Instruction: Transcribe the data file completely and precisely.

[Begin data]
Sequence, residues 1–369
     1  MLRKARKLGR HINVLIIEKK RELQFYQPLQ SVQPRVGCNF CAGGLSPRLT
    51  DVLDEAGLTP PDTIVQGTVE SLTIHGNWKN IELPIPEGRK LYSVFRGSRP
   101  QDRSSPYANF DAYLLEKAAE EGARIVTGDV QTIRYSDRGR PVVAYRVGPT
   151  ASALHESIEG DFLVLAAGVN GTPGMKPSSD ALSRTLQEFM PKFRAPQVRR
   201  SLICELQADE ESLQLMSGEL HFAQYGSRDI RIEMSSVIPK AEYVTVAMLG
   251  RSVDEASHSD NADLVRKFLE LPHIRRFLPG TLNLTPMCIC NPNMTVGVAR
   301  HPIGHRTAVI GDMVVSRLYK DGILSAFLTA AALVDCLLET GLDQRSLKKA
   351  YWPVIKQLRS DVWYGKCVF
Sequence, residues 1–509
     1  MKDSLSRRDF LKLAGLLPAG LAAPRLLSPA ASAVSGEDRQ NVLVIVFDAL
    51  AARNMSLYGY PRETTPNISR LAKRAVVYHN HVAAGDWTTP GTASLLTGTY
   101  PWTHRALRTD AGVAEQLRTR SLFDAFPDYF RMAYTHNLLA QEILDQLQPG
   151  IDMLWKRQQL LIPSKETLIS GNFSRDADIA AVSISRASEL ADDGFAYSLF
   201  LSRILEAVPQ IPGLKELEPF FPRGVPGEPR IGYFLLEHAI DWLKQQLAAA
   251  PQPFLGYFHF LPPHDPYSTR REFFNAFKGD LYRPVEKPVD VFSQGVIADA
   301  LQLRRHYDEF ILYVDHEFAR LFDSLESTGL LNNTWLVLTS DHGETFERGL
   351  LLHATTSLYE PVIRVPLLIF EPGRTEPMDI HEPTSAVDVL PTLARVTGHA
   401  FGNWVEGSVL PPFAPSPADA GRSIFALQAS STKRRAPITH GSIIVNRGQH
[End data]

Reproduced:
Sequence, residues 1–369
     1  MLRKARKLGR HINVLIIEKK RELQFYQPLQ SVQPRVGCNF CAGGLSPRLT
    51  DVLDEAGLTP PDTIVQGTVE SLTIHGNWKN IELPIPEGRK LYSVFRGSRP
   101  QDRSSPYANF DAYLLEKAAE EGARIVTGDV QTIRYSDRGR PVVAYRVGPT
   151  ASALHESIEG DFLVLAAGVN GTPGMKPSSD ALSRTLQEFM PKFRAPQVRR
   201  SLICELQADE ESLQLMSGEL HFAQYGSRDI RIEMSSVIPK AEYVTVAMLG
   251  RSVDEASHSD NADLVRKFLE LPHIRRFLPG TLNLTPMCIC NPNMTVGVAR
   301  HPIGHRTAVI GDMVVSRLYK DGILSAFLTA AALVDCLLET GLDQRSLKKA
   351  YWPVIKQLRS DVWYGKCVF
Sequence, residues 1–509
     1  MKDSLSRRDF LKLAGLLPAG LAAPRLLSPA ASAVSGEDRQ NVLVIVFDAL
    51  AARNMSLYGY PRETTPNISR LAKRAVVYHN HVAAGDWTTP GTASLLTGTY
   101  PWTHRALRTD AGVAEQLRTR SLFDAFPDYF RMAYTHNLLA QEILDQLQPG
   151  IDMLWKRQQL LIPSKETLIS GNFSRDADIA AVSISRASEL ADDGFAYSLF
   201  LSRILEAVPQ IPGLKELEPF FPRGVPGEPR IGYFLLEHAI DWLKQQLAAA
   251  PQPFLGYFHF LPPHDPYSTR REFFNAFKGD LYRPVEKPVD VFSQGVIADA
   301  LQLRRHYDEF ILYVDHEFAR LFDSLESTGL LNNTWLVLTS DHGETFERGL
   351  LLHATTSLYE PVIRVPLLIF EPGRTEPMDI HEPTSAVDVL PTLARVTGHA
   401  FGNWVEGSVL PPFAPSPADA GRSIFALQAS STKRRAPITH GSIIVNRGQH